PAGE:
After the gushing “Thankyou, Backblaze” post from earlier today, I thought it might be of some interest to others how I backup my Mac (like an elephant — hooo, I tied in a photo of my travels again!).
I consider backing up to be common sense these days. If you use your Mac for work or for play, you have information that you’d be upset were it to disappear. Not backing up is the computing equivalent of driving without a seatbelt: you might not have an accident today, but you’ll be thankful for it when you do.
I have four levels of backups setup — that might sound a bit excessive, but I’ve found some services are better suited to looking after different types of information:
Dropbox is the centre of my backup strategy. My most important work-related documents all live in my Dropbox. I have a 50Gb account, of which I use about 5% for all of my client data, business records and any personal documents. I don’t store my Music, my Movies or any non-document content with Dropbox. With the advent of Xcode 4 and defaulting to storing intermediate build files in ~/Library/Developer/Xcode/Derived Data, I can safely leave these here without causing constant uploads. FYI, that’s a referral link to Dropbox’s website — if you end up signing up for a Dropbox account, I get 250Mb of free space in my account). You can use 2Gb of storage with Dropbox for free, which is awesome.
If I’m working on a development project for you, or for myself, I have a private git repository setup for it on Github. This is an absolute no-brainer — the setup is simple, the user interface is simple and the support is great. For ~$7 (less if you’re transacting in AUD) every programmer should have this (or the equivalent for your DVCS of choice — I’ve also heard good things about Atlassian’s BitBucket).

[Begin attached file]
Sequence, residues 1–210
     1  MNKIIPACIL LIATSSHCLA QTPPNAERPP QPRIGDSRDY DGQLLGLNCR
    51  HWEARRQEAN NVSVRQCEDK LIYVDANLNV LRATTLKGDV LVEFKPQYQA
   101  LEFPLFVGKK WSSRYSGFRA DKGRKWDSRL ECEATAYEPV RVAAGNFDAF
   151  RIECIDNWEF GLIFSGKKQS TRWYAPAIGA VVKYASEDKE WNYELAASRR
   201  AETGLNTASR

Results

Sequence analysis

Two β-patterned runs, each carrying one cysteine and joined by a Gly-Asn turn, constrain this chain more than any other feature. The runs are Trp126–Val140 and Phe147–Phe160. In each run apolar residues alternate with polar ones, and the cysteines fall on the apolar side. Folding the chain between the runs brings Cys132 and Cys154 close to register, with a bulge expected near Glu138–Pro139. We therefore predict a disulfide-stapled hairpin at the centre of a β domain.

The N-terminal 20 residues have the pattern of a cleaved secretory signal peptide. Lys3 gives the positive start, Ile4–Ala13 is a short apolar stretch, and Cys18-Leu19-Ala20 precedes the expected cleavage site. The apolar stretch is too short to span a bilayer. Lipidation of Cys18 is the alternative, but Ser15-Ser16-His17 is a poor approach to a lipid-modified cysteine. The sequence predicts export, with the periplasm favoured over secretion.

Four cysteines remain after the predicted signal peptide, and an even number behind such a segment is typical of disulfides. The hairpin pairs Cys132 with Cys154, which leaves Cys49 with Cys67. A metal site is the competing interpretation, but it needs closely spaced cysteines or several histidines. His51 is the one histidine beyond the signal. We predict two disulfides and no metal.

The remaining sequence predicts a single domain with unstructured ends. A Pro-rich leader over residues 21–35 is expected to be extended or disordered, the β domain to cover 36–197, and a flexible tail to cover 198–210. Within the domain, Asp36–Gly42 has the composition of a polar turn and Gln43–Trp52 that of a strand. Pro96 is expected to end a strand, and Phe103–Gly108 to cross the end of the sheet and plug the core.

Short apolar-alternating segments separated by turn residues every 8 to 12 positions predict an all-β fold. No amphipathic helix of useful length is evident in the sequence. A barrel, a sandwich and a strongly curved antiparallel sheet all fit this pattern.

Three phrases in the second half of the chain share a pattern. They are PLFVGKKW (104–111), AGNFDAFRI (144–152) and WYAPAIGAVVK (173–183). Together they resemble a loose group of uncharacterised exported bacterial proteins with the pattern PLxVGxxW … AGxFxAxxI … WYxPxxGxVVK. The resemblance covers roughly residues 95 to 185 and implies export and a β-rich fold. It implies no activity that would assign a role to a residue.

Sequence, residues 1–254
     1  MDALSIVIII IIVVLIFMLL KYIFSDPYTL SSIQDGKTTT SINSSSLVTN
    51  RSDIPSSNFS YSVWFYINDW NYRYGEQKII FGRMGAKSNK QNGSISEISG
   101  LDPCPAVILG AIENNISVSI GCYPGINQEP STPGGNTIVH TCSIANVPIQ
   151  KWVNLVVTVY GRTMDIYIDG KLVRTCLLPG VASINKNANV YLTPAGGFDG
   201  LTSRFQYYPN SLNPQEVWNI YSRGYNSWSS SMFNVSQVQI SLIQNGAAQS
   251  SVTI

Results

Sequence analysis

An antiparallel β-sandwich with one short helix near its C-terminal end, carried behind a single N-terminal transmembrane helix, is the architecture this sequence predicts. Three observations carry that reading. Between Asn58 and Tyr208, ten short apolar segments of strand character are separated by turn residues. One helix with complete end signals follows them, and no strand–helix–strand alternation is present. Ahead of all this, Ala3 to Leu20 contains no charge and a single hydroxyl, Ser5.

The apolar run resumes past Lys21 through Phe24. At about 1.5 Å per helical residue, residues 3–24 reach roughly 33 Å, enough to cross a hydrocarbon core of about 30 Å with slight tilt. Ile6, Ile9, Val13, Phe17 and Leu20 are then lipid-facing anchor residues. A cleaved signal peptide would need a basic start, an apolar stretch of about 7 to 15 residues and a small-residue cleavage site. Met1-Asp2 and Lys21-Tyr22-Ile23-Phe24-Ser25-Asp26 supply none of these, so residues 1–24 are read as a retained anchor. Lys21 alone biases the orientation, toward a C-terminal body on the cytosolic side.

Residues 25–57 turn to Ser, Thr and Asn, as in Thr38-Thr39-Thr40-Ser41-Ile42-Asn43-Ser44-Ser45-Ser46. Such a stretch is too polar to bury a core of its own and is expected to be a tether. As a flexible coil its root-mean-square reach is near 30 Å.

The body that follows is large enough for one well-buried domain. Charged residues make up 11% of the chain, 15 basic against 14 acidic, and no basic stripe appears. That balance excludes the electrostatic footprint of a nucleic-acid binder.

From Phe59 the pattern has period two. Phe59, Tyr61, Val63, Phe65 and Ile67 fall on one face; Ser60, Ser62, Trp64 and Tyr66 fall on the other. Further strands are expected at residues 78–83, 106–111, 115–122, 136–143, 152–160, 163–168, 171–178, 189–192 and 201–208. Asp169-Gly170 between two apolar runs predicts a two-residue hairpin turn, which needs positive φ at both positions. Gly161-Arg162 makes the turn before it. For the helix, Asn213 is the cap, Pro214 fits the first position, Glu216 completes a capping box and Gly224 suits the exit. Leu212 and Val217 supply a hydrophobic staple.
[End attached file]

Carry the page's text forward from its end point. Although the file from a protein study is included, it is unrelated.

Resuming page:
1Tb external hard drives retail for about $90. Buy one, and setup Time Machine. Time Machine is far from perfect, but it’s something you don’t have to think about it — it just sits in the background and copies your changes to an external disk once an hour. It’s also a heck of a lot quicker to restore files to your Mac from a disk that’s directly attached than from any online service.
AKA “The Best $5 I Spend Each Month”. Backblaze sits in the background just like Time Machine, but it pushes your information up to Backblaze’s data centre for long term storage rather than to local storage. It took a long time to perform the initial backup, but now that first run has finished I don’t notice it at all (and it’s saved my bacon) after only a couple of months of use!). The brilliant feature that Backblaze offers is that they will send you a physical hard disk containing your data should you ever need it. They also don’t set limits on the amount of data you can store with them, so you don’t need to cherry-pick what you’ll backup — just let it do everything!
If you want to keep reading about backups, there’s plenty of great info on other approaches at the World Backup Day site.